Luckily for me, however, one of the Duke Nukem promo minions seemed to have a clue what was going on. In diplomatic fashion he told me: ‘Well after 12-14 years of development it was always going to be tough for the game to meet absolutely everyone’s expectations.’ It was refreshing to speak to someone aware of the anxiety with which many held this upcoming release, instead of trying to fob me off with a code for a free demo. Yet, despite his enthusiasm, I couldn't shake the feeling that his answer was further shaping the game for disappointment.
I was also able to find out that the rumours of the removal of ‘capture the babe’ after some controversy are untrue. Capture the babe is essentially capture the flag, where the flag has been replaced with a naked woman that you grab, and essentially rough up a little throughout the whole process. I know what you’re thinking, why on earth would this be controversial in the modern world we all reside in? But nevertheless it remains.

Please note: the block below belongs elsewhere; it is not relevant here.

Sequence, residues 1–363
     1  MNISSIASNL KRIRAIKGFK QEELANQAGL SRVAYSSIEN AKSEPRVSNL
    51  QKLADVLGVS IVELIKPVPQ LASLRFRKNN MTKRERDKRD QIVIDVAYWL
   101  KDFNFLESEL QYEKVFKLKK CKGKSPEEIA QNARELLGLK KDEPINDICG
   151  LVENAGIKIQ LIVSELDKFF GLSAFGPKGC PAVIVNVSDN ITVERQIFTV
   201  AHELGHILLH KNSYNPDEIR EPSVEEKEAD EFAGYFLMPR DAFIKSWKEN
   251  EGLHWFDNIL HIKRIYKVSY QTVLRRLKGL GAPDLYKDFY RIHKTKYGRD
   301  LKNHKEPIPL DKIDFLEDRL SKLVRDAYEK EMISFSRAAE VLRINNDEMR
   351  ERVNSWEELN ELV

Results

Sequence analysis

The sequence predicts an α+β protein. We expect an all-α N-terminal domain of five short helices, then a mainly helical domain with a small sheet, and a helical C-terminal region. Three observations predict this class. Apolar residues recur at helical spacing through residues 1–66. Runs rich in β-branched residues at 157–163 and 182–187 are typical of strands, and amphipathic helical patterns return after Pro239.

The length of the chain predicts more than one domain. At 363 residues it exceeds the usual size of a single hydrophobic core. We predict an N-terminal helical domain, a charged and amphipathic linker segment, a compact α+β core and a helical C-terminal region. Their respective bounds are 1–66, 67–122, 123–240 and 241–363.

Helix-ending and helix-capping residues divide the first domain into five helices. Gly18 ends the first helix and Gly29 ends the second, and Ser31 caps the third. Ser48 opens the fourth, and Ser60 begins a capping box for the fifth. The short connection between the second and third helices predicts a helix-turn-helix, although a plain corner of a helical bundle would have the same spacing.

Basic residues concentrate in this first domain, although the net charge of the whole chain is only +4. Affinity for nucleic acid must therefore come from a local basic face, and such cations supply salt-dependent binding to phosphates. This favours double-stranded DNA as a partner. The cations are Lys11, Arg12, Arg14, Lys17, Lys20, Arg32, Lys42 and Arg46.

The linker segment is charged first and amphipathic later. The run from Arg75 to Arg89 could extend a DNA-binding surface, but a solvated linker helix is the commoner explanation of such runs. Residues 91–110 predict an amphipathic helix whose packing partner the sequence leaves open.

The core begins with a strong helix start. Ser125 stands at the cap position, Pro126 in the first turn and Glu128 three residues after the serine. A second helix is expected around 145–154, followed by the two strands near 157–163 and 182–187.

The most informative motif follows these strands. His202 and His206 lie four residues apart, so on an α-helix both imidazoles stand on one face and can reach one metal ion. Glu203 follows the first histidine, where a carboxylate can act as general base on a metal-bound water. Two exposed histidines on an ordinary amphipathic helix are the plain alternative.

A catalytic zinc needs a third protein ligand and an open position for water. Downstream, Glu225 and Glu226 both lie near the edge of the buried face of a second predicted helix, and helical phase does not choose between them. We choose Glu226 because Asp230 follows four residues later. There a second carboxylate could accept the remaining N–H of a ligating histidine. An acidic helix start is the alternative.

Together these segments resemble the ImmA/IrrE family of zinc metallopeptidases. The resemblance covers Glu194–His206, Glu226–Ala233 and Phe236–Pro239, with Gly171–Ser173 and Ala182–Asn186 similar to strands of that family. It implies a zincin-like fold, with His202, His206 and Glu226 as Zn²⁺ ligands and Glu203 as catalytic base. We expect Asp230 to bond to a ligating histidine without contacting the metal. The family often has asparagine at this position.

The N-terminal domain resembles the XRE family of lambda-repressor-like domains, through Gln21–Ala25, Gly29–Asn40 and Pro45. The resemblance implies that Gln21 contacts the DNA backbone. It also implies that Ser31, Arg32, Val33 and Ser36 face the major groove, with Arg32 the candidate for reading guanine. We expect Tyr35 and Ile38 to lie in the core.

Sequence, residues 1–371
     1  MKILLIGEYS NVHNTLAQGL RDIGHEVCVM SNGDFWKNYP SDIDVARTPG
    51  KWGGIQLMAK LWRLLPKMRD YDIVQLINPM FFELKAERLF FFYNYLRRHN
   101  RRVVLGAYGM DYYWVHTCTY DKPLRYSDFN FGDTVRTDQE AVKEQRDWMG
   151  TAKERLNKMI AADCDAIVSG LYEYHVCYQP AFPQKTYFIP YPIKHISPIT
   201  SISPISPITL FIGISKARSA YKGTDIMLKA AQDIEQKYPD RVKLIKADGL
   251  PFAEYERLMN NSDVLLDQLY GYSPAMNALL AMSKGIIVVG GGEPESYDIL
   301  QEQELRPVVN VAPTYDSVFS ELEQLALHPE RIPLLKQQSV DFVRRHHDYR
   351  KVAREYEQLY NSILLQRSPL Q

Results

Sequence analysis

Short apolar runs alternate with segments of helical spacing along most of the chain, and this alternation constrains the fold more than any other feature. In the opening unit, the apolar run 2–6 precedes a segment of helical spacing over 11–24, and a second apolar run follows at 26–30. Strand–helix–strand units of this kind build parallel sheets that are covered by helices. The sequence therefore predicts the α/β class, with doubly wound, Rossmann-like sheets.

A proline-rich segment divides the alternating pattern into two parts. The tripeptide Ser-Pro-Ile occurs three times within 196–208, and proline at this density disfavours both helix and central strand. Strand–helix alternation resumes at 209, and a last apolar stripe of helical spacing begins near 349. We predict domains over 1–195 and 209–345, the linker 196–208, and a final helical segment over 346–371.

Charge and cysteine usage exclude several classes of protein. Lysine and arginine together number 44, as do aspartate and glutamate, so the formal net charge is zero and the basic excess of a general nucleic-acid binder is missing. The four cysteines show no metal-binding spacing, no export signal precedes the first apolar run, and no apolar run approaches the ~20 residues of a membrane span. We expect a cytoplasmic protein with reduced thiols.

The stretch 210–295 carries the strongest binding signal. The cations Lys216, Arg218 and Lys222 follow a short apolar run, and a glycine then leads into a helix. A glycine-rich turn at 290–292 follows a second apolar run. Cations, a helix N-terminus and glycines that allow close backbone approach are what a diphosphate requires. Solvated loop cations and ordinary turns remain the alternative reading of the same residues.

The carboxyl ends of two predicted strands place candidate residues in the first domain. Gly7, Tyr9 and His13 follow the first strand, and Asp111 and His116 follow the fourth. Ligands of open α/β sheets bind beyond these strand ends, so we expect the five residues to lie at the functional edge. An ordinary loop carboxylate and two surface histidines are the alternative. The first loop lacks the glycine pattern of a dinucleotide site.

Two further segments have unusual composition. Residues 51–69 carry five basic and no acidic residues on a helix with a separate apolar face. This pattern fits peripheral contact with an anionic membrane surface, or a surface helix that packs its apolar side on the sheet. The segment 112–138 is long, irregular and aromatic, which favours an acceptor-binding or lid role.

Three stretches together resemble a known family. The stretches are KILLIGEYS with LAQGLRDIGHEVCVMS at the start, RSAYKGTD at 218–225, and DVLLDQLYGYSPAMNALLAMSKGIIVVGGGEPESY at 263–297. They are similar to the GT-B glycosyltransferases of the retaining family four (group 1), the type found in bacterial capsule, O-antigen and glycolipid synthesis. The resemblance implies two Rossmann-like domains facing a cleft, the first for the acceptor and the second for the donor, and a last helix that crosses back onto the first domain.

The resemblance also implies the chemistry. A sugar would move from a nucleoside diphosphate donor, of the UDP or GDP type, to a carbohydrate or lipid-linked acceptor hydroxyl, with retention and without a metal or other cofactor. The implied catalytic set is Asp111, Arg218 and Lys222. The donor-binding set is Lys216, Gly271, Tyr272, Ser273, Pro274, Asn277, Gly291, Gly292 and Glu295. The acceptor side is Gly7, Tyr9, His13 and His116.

To top it off, I managed to secure a good play of the game. A close critique of the backdrop and storyline isn’t really needed for a game like Duke Nukem - we’re not dealing with a game that has tried to venture down the road of say Alan Wake, with its intense, film-esque storyline; but to summarise, aliens have come to earth to take the women and,wouldn’t you know it, it’s the ‘hot ones’ they’re going for, of course spiralling Duke into a tornado of rage. Beginning in nostalgic Duke fashion, he casually urinates in the locker room of a football stadium before running out onto the pitch to take down a 30 to 40 foot alien, and after doing so rips off his head to kick a glorious field goal.